Dirty Dancing

November 9, 2021 | By | Reply More

★★★★☆  Raunchy

Festival Theatre: Mon 8 – Sat 13 Nov 2021
Review by Thom Dibdin

Every night is Friday night this week at the Festival Theatre where Dirty Dancing provides enough tight buns, iconic moments and hot dance moves to keep them whooping and cheering to the very rafters.

Nor is it just about a rippling six pack or keeping Baby out of the corner; there is a mountain of great intention and youthful heart-on-the-sleeve sentiment to match the moves and the music in this movie-to-musical adaptation.

Kira Malou and Michael O’Reilly with (singing) Amber Sylvia Edwards and Samuel Bailey. Pic: Mark Senior

Set in in a Catskill Mountain summer resort in 1963, back before anyone had thought of teaching celebrities to jive for Saturday night entertainment, Dirty Dancing paints its background clear. This is America before Kennedy’s assassination, when Martin Luther King had a dream and when teenagers were learning to fight for a just cause.

Dr Houseman and his family, including youngest daughter Frances – known as “Baby”- are guests of his patient and resort owner Max Kellerman, whose liberal attitudes to racial integration are not reflected in his snobbery towards his staff.

passionate but naive concern

Harvard students on summer jobs get to work as waiters and are urged to flatter – and seduce – the guests. The entertainment staff – at least the dancers who teach the guests so they can fox-trot the night away – are told to keep away and derided for their working class backgrounds.

Kira Malou has just the right level of passionate but naive concern as Baby (Jennifer Grey in the movie), who applies her daddy’s liberal attitudes across the class divide and finds that daddy isn’t quite as liberal as he thought.

Michael O’Reilly (Johnny) Kira Malou (Baby) and Carlie Milner (Penny). Pic: Mark Senior

There’s a lot resting on the shoulders of Michael O’Reilly in the Patrick Swayze role of dancer Johnny Castle, whose dance partner Penny has fallen pregnant by one of the waiting staff. Or rather, given the vocal acclaim O’Reilly receives at the slightest – and not so slight – sight of his flesh, there is a lot resting on his physique.

O’Reilly does not disappoint. He has that insouciant devil-may-care arrogance needed for the role, while also convincing when asked to show his emotional side. As for his physique and dance ability, his gigolo body and sultry looks are complemented by some strong dance moves.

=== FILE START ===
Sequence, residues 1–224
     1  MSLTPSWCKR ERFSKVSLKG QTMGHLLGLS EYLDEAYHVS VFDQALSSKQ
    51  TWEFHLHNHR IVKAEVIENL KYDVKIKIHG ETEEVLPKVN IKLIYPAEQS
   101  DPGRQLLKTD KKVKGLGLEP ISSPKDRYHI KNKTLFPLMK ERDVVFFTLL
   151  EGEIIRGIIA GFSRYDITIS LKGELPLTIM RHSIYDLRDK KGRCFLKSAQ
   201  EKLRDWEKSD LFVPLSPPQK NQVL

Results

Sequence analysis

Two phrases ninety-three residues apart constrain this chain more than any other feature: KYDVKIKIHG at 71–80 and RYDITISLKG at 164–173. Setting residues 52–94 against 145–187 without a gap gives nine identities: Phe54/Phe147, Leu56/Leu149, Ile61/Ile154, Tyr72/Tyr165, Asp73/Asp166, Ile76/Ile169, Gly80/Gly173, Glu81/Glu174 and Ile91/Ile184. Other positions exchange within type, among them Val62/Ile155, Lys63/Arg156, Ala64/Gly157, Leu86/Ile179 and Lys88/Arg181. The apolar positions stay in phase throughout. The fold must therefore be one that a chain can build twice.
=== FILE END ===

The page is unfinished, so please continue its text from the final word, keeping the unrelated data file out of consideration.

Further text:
gawky

The only area that both Malou doesn’t convince is in Baby’s learning to dance with Johnny, when she volunteers to take Penny’s place in a crucial dance show after giving Penny $250 to pay for an abortion. Her gawky moves might be hilarious, but the laughter they gain is derisory, not supportive and feels out of keeping.

Kira Malou and Michael O’Reilly. Pic: Mark Senior

In an adaptation which sticks very close to the film, the storytelling is often slight and can feel rushed – not a concern for those returning to an old favourite. But it still manages to get to the soul of a piece that finds modern relevance for its concerns of race, class and gender politics.

That said, Lynden Edwards takes his time to develop Dr Houseman and Carlie Milner is both an accomplished dancer and convincing actress as the put-upon Penny. Other characters tend of rush across the stage with barely time to establish any depth, but certainly convey the necessary.

hard working dance team

It’s the dancing and singing where the show’s heart lies. Colin Charles is an appealing Tito Suarez, pumping energy into his turns with the onstage musicians of Kellerman’s band. Amber Sylvia Edwards as singer Elizabeth and Samuel Bailey as Johnny’s cousin, Billy Kostecki, lead the singers with assurance.

As for the hard working dance team, they provide both depth and a focus for the whole production and help ensure that, yes, this is not only “the classic story live on stage” but, for its duration, audience can turn to each other and declare, happily, they are having the time of their lives.

Running time Two hours and 20 minutes (including one interval).
Festival Theatre, 13/29 Nicolson Street EH8 9FT
Mon 8 – Sat 13 Nov 2021
Evenings (not Fri): 7.30pm; Fri: 5pm, 8pm; Sat mat: 2.30pm.
Tickets and details: Book here.

The Dirty Dancing company. Pic:Mark Senior

ENDS

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